Fig. 8-3. Two types of non-positive-displacement pumps

Some positive-displacement pumps are paired with centrifugal pumps to pressurize their inlets to keep them from cavitating. Or, when a positive-displacement pump is run at higher rpm than specified, the inlet may not be large enough to let in enough fluid at atmospheric pressure. In this case a non-positive-displacement pump can force fluid into the undersized inlet and eliminate cavitation.

A non-positive-displacement pump does not require a relief valve in many installations. There is enough slippage in most designs to allow for stopping flow while not over pressuring the circuit. However, if the pump operates at no flow for more than two or three minutes, simple bypass circuit to move fluid for cooling purposes should be added. The bypass circuit could be a small relief valve, a manual petcock, or a normally closed solenoid valve operated by a timer or pressure switch.

The propeller design is the least efficient of these pumps because there is a direct path from inlet to outlet through the blades. The minimum rpm of this type pump is high due to this open path. The centrifugal-impeller design operates at much closer tolerance so it slips less fluid while operating.

Fixed-displacement pumps

Fixed-displacement pumps are found most commonly in circuits with a single actuator. This allows the pump to be unloaded at little or no pressure when not performing work. A multiple-actuator circuit, where only one device moves at a time, can also be practical for fixed-displacement pumps if the actuators use about the same volume of fluid. This means total pump flow is either doing work at load pressure or is being sent to tank at very low pressure.

Avoid using meter-in or meter-out flow controls with fixed-volume pumps because a flow restriction increases pressure and the increase sends fluid to tank at the relief valve setting. This produces excess heat and all the problems associated with it. One way to use fixed-displacement pumps with multiple-actuator circuits is to include an accumulator with an unloading and dump valve. With this circuit, the pump is only on pressure when fluid is required. The accumulator accepts excess pump flow and provides working flow when the pump is unloaded. Figure 8-12 shows a fixed-volume pump with an accumulator.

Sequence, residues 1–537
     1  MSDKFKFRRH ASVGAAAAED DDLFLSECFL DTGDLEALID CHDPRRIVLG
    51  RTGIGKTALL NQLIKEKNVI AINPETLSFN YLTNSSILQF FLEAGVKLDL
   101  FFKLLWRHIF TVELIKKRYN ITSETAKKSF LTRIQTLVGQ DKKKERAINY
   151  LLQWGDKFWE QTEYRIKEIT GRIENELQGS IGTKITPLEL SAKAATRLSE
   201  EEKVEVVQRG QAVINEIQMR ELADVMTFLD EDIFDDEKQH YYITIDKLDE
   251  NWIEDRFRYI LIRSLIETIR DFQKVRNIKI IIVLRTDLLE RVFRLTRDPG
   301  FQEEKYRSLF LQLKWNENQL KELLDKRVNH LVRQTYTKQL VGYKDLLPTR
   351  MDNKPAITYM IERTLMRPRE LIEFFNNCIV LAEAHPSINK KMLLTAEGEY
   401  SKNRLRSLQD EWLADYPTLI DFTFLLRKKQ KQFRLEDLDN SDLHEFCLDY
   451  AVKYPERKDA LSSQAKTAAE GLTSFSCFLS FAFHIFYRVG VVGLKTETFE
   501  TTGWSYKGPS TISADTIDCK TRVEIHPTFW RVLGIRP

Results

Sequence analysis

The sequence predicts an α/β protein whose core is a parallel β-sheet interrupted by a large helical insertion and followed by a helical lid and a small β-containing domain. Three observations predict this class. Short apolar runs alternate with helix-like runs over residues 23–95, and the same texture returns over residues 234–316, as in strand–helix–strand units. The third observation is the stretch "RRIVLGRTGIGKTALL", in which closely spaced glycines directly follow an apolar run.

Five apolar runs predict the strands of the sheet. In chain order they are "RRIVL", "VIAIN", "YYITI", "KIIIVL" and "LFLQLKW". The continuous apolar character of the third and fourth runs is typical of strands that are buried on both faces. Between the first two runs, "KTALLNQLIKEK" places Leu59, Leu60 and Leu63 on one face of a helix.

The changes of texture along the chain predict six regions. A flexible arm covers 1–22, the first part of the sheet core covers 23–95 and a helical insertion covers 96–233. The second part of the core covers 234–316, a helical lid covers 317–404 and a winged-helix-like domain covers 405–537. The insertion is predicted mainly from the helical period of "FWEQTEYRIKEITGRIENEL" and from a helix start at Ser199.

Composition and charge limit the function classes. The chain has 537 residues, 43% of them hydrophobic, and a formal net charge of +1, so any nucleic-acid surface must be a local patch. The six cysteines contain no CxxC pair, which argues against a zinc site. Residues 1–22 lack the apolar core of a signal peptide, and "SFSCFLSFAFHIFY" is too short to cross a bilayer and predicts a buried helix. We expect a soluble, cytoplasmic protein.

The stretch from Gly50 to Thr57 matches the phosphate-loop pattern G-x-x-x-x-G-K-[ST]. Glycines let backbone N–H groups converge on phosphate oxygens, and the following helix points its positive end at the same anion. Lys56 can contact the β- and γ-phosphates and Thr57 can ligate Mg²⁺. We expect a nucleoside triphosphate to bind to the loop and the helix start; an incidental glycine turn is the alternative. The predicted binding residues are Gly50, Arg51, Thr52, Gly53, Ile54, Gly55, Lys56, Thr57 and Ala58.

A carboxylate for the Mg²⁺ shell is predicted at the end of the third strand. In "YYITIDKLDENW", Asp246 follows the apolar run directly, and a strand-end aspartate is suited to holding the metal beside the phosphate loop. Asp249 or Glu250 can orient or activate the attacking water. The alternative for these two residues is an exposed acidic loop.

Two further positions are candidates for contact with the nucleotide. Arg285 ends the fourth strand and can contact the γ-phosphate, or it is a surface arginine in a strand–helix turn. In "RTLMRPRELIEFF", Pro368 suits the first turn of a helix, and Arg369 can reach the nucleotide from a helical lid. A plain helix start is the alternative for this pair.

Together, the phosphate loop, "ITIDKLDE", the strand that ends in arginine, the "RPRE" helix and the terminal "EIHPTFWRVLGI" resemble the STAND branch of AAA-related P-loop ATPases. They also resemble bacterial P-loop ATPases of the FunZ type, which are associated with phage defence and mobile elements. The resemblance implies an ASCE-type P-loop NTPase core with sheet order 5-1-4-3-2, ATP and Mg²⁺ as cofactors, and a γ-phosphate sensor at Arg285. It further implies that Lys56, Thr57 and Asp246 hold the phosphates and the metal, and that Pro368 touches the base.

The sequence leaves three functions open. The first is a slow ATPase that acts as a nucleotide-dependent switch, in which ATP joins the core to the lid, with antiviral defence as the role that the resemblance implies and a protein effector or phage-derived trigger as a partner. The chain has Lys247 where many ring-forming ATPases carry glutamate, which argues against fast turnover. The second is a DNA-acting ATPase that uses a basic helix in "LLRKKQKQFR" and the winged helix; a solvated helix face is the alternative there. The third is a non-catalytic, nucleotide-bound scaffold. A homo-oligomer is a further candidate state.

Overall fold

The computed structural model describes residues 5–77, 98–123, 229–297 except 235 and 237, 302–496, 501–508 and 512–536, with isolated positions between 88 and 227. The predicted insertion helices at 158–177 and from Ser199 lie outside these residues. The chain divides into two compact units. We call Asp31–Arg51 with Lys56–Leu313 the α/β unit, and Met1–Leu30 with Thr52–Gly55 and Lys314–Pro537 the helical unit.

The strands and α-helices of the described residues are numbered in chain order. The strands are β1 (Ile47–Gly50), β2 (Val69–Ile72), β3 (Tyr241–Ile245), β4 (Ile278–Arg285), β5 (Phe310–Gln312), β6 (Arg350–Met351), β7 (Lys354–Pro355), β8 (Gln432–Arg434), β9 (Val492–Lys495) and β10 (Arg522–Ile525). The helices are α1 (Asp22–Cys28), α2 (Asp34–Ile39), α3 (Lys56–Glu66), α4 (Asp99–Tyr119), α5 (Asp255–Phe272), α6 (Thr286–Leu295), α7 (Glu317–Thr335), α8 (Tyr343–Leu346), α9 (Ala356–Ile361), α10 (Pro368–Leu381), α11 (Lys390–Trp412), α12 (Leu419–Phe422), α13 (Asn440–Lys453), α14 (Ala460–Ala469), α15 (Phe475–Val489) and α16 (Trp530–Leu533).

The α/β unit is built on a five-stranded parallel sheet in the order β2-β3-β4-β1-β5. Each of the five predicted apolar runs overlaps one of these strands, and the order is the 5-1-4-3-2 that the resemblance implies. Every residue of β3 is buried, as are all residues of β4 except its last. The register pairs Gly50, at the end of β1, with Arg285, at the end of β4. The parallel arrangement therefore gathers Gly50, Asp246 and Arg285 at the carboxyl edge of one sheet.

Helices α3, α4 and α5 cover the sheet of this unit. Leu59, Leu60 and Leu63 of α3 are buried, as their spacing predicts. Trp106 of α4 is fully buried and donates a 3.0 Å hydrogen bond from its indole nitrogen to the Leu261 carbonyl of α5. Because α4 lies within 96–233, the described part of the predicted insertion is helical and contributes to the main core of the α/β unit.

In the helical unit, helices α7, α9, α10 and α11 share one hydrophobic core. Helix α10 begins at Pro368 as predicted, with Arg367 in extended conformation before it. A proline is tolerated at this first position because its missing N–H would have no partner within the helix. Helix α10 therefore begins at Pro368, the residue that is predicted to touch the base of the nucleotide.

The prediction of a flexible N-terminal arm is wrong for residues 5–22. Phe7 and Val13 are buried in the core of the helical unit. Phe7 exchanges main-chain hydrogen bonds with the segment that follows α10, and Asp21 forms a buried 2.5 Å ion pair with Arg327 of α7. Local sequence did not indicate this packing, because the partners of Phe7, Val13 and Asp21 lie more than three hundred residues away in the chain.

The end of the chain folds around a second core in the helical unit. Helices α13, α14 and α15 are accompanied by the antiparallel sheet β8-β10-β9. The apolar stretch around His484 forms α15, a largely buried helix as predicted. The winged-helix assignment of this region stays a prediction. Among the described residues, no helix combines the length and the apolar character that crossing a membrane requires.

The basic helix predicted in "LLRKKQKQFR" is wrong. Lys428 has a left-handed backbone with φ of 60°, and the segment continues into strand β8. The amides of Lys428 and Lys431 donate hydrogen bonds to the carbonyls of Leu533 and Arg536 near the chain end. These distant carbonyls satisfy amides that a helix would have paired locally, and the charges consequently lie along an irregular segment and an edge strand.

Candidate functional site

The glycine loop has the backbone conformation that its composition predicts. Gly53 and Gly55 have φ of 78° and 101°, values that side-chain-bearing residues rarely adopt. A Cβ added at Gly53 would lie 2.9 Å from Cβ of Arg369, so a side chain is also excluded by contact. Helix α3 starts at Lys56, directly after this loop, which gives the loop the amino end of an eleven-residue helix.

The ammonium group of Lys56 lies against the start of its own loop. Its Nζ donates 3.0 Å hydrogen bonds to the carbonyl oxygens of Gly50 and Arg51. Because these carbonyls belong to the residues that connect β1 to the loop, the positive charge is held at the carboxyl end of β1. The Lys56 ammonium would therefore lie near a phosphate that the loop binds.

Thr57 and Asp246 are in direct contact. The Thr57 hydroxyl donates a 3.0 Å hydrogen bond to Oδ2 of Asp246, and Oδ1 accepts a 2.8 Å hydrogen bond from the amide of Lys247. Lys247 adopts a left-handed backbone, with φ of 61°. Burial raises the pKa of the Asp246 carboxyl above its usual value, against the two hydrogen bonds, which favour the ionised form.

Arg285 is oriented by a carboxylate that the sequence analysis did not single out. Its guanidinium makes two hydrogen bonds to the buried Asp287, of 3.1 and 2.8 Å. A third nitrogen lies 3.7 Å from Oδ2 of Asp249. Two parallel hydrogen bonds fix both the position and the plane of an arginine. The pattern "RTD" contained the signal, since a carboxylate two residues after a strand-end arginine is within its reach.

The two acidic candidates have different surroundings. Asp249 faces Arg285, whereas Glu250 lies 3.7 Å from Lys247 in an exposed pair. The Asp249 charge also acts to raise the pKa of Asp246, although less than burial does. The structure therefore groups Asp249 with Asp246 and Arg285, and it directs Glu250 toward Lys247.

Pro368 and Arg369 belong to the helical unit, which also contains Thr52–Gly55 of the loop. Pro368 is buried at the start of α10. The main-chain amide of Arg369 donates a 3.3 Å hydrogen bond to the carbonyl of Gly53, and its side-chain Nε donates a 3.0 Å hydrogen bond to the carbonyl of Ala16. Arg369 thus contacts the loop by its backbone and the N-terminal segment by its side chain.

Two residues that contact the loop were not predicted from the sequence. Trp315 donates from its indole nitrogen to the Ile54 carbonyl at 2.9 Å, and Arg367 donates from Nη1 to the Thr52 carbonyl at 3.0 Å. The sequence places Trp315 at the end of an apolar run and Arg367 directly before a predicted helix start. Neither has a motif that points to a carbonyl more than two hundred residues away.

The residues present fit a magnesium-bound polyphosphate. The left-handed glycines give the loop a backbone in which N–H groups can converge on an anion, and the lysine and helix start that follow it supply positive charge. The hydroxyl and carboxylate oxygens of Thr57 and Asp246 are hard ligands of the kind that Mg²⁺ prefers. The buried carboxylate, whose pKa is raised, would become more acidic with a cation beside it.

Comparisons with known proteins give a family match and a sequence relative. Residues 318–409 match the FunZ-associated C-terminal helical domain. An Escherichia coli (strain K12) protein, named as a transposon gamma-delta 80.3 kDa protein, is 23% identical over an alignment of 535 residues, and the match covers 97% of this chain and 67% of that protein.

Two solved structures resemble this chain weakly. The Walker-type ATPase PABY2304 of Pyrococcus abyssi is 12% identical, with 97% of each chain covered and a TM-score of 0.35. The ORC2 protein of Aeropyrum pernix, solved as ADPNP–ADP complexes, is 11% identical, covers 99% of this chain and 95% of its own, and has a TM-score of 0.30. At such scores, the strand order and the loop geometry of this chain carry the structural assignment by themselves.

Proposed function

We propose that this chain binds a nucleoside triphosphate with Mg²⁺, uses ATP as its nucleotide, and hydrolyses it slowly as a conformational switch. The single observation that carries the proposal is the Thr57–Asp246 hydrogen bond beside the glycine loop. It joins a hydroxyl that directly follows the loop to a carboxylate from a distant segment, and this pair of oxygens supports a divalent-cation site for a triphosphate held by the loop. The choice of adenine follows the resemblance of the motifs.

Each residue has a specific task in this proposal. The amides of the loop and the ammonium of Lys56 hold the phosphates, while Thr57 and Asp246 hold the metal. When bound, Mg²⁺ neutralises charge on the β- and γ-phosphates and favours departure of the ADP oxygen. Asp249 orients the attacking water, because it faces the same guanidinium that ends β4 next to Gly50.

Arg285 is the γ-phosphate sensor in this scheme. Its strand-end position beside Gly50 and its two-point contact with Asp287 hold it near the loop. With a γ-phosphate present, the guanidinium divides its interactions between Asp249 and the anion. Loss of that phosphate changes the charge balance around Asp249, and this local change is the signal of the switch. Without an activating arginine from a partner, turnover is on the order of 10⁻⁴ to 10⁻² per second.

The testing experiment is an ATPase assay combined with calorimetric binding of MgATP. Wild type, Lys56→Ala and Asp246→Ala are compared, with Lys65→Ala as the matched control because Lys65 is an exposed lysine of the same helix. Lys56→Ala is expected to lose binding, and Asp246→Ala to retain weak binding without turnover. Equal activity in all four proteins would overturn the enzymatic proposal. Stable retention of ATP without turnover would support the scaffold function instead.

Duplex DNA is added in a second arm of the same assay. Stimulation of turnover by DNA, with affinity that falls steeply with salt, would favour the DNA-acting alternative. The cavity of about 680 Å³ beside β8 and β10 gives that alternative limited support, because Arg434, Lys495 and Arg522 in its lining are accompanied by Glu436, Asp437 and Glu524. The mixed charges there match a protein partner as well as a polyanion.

Fixed-displacement pumps are usually less expensive and more contamination tolerant than pressure-compensated pump. Note: this does not mean they should be run with dirty fluid or that cheaper is really less expensive. It only means they fill the bill in many applications where cost is a factor.

Gear-on-gear fixed-displacement pumps

One of the oldest hydraulic pumps is the gear-on-gear design shown in Figure 8-4. As the driven gear turns, the idler gear turns in the opposite direction. At first, air trapped between the teeth and housing is moved to the outlet and forced out by the meshing teeth in the center. This starting action creates a negative pressure (vacuum) at the inlet. Atmospheric pressure then pushes oil into the pump. Now hydraulic fluid flows around the teeth and out to the circuit. Because the sealing action -- between the gear teeth and the housing, and where the teeth mesh -- has minimum clearance, when fluid is blocked, the gears stop turning.

Fig. 8-4. Gear-on-gear positive-displacement pump

A standard gear pump is unbalanced because there is high pressure on one side and low pressure or vacuum on the other side of the gears. This causes high bearing loads and shortened service life at pressures above 1500 psi. Some newer designs reduce this unbalance by clearing the housing (or clearance area) and only having a short sealing area. This greatly reduces bearing forces so that pressures up to 4000 psi continuous are commonplace today. However, even with this new design there is no compensation for gear or housing wear.

Gear-on-gear pumps can have more than one pumping section within a common housing. This allows for different flows or pressures to some circuits for speed and force changes.

Internal-gear fixed-displacement pumps

Figure 8-5 shows a cutaway view and the symbol for an internal-gear pump. The standard design is unbalanced and has no way to compensate for tooth or housing wear. Most pumps of this type are limited to 1000 psi or less. They are often used as transfer or supercharging pumps at low pressure due to their less efficient design. (There is a German-designed internal-gear pump that has a wear-compensating feature and a special bearing arrangement that allows it to operate continuously at up to 5000 psi and with more than 95% overall efficiency throughout its life.) Standard gear pumps start out at 85 to 90% efficiency when new. As the gears and housing wear, their efficiency deteriorates until they no longer supply enough fluid to maintain cycle time.